Here at SkyTruth we've been concerned about the loss of the world's premier tool for offshore monitoring with the demise of the European Space Agency's excellent Envisat satellite in early April. The successor, Sentinel, won't be launched until sometime next year at the earliest. Meanwhile, we do have alternatives: RADARSAT, Cosmo-SkyMed, and TerraSAR-X. But these are all commercially operated systems and the images range in price from about $1200 to as much as $7500, making them prohibitively expensive for routine monitoring of large areas in the open ocean.
|Envisat ASAR radar image showing precise location of Scarabeo-9 drill rig in Cuban waters of Florida Straits. Image courtesy European Space Agency.|
This is all an unfortunate and inevitable consequence of the fact that, for reasons we can't fathom, the US has decided not to operate any civilian radar imaging satellites. We led the world in this technology with the launch of SeaSat back in 1978, but now we're dependent on foreign-operated systems. We consider this a national security fail of a high order: radar imaging satellites are a key tool for establishing and maintaining maritime domain awareness, and effectively managing and protecting our nation's vast ocean territory. Maybe the National Reconnaissance Office has a couple of extra radar spy satellites lying around that they could donate to NASA for civilian use. The intelligence agencies seem to have plenty of $$ to build more toys than they can use while NASA's satellite program is starving for cash. But I digress...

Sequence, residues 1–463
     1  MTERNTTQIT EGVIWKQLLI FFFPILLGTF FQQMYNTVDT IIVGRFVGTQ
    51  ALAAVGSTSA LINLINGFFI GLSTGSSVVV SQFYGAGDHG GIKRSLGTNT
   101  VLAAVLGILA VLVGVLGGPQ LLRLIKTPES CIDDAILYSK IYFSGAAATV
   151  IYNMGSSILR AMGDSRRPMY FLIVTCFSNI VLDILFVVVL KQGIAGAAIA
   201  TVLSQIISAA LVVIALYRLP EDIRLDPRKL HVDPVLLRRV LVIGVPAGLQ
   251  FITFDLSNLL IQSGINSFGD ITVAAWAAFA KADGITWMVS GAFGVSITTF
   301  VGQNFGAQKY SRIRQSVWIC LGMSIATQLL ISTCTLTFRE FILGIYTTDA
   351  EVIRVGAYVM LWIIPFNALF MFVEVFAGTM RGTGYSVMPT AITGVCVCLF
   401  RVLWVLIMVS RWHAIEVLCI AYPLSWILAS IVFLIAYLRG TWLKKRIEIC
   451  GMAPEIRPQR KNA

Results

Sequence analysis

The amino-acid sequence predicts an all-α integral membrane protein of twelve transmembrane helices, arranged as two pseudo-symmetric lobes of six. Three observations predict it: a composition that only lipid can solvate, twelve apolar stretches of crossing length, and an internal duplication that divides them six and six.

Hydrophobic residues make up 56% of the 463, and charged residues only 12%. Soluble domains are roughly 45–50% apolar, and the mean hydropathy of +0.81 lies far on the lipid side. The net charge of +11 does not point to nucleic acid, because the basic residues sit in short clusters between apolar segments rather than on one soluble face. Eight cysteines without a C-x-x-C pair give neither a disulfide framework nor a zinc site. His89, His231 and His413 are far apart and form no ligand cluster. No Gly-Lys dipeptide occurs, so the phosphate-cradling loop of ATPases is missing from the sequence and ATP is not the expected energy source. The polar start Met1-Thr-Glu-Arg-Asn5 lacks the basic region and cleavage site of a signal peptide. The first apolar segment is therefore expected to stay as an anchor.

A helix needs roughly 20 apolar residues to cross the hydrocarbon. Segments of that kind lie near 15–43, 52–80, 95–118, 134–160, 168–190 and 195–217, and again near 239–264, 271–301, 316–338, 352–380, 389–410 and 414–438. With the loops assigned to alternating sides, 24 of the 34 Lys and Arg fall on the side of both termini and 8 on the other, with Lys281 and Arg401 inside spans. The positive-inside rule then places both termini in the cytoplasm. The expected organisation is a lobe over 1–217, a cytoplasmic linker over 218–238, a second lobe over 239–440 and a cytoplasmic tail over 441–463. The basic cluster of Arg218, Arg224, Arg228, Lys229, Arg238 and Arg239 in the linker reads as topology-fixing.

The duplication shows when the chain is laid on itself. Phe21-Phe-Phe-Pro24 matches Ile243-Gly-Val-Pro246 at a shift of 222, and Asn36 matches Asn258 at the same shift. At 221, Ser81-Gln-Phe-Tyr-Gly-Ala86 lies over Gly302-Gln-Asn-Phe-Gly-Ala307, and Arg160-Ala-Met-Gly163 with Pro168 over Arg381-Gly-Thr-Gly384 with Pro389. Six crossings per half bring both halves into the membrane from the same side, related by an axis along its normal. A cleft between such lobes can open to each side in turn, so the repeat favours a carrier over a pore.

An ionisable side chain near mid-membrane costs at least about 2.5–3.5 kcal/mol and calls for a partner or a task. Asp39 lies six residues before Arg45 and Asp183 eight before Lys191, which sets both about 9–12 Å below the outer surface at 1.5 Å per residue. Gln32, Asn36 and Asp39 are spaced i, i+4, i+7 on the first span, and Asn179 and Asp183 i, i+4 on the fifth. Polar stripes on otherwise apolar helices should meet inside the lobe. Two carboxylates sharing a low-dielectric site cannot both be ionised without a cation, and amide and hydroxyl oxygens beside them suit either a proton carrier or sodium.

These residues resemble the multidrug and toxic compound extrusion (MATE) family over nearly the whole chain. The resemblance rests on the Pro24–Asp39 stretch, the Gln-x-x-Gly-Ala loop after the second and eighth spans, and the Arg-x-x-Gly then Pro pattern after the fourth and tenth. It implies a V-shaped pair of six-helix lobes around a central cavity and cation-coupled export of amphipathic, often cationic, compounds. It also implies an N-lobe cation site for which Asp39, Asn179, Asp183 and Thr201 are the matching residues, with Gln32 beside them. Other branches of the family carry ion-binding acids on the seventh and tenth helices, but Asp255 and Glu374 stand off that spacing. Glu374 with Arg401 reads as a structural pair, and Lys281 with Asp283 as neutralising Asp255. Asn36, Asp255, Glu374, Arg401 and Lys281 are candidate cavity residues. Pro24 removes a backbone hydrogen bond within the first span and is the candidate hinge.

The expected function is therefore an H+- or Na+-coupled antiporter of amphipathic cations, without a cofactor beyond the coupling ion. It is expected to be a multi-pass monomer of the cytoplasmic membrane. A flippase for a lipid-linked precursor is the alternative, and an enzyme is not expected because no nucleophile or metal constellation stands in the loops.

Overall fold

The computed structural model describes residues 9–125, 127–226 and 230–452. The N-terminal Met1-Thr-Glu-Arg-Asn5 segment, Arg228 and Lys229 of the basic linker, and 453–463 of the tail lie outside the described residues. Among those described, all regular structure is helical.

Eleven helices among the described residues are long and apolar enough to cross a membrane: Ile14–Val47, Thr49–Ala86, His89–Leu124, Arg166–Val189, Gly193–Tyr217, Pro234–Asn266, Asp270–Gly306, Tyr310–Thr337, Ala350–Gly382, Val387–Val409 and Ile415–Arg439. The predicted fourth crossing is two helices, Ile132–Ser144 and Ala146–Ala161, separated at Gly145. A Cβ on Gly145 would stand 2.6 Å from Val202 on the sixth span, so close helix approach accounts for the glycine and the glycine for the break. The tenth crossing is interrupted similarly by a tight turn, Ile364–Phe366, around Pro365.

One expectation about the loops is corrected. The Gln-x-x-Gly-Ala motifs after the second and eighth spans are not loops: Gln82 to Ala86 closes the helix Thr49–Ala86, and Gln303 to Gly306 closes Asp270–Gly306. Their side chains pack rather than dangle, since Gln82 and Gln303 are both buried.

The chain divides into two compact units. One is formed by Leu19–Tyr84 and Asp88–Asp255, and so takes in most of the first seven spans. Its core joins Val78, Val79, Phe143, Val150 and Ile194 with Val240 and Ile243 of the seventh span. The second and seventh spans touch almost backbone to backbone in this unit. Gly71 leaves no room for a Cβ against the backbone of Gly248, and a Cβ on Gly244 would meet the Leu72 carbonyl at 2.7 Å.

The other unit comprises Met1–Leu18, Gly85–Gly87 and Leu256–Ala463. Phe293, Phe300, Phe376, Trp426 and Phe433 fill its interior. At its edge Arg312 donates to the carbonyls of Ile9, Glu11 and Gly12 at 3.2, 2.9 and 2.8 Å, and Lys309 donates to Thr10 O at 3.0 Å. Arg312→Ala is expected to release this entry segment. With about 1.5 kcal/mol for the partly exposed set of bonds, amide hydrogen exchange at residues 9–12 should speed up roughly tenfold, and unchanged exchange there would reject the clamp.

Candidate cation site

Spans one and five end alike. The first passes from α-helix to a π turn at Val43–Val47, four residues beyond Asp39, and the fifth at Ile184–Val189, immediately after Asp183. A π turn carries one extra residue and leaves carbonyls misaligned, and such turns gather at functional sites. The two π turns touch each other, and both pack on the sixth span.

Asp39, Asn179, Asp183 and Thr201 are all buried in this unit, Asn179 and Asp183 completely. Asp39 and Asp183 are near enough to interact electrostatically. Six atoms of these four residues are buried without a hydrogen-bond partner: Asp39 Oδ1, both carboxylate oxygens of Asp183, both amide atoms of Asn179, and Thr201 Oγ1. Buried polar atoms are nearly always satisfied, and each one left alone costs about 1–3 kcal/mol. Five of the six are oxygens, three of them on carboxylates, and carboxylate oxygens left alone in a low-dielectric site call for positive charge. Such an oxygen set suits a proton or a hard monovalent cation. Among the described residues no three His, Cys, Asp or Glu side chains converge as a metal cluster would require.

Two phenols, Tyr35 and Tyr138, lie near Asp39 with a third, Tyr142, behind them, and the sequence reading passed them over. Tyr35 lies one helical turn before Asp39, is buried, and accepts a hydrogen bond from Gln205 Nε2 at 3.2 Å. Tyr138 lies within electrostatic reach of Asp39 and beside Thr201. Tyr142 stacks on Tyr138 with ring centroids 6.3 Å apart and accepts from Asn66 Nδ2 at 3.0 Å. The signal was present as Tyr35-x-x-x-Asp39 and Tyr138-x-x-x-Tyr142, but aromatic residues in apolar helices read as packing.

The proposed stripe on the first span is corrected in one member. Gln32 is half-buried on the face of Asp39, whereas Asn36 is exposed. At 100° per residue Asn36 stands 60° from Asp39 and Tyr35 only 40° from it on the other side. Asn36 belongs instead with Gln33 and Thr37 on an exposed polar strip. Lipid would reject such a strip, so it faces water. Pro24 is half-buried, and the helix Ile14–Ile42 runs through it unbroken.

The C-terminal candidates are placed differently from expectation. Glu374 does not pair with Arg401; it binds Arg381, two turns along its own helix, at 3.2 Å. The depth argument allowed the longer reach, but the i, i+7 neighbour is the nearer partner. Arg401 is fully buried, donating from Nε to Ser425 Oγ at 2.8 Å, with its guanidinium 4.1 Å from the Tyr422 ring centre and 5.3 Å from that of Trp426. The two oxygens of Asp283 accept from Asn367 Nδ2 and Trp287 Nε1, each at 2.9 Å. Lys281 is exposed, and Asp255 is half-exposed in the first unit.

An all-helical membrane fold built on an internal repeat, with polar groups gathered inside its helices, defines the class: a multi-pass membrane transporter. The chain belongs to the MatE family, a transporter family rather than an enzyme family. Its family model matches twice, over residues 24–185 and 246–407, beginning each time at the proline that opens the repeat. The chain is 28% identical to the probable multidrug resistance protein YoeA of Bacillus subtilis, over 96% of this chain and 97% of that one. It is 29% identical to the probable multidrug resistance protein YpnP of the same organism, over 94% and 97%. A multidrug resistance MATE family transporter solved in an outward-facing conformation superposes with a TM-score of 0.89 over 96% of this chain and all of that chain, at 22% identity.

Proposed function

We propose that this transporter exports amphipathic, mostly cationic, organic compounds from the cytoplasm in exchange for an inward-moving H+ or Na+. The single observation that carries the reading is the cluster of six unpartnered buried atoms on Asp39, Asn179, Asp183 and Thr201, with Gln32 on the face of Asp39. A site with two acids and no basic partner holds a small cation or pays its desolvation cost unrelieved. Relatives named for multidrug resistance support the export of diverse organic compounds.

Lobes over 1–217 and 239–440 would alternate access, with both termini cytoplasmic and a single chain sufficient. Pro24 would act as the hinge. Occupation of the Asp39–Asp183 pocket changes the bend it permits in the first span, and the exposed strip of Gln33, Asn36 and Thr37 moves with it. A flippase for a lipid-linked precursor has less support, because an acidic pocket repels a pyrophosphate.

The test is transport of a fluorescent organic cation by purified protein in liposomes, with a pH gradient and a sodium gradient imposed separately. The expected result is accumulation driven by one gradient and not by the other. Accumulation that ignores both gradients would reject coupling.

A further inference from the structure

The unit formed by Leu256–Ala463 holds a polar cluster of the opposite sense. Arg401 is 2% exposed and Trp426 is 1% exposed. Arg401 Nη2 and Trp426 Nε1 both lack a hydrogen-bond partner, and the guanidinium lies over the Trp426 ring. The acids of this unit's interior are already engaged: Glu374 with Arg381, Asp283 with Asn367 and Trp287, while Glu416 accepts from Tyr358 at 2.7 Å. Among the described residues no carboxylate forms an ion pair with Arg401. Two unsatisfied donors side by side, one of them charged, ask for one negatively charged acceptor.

The BP / Deepwater Horizon oil spill in the Gulf of Mexico highlighted the value of satellite imagery for independently assessing the size and severity of the spill, tracking the day-to-day movement of the oil slicks, and identifying the ocean and coastal areas directly impacted by the oil. Our work since then has demonstrated the value of radar imagery in particular for detecting bilge-dumping from oceangoing vessels, a major source of marine pollution worldwide; for detecting vessels that may be operating illegally in areas that are off-limits to fishing; and for comparing the pollution as reported by polluters, with what we can actually observe.
Now companies from around the world are rushing to do deepwater drilling in Cuban waters close to Florida, with no agreement in place that will allow US companies to assist in the event of a major oil spill. Pemex, the state oil company of Mexico, has announced plans to begin high-risk ultra-deepwater drilling in the Gulf despite their alarming lack of deepwater expertise. Drilling is set to begin as soon as July in the Arctic Ocean off Alaska, raising a host of questions about the impact of day-to-day pollution in that sensitive environment and our ability to effectively clean up an oil spill in typical Arctic ice and weather conditions, far from bases of operation. And, as SkyTruth and our Gulf Monitoring Consortium partners have demonstrated, we continue to have spills every day in the Gulf of Mexico that are unreported, underreported, and rarely investigated: a continuing moral hazard of tolerating sloppy operations that, in our opinion, sets the stage for the next chain of error that leads to a catastrophic spill.
|Shell's Kulluk drill rig under tow, set to drill in the Arctic Ocean off Alaska this summer. Source: Fuelfix.com.|
Now, more than ever, we need a public source of routine radar images for all of these areas to allow everyone to see what's happening, to provide assurance that there are no undue environmental problems associated with these innately risky developments, and to stand ready to immediately swing into action to support response efforts should a serious accident occur.
We call on the US government to work with the commercial radar image companies to provide a publicly accessible stream of radar imagery until Sentinel, or some other radar imaging system, fills the big monitoring gap left by the demise of Envisat. We would gladly participate in discussions to help make this happen, and soon.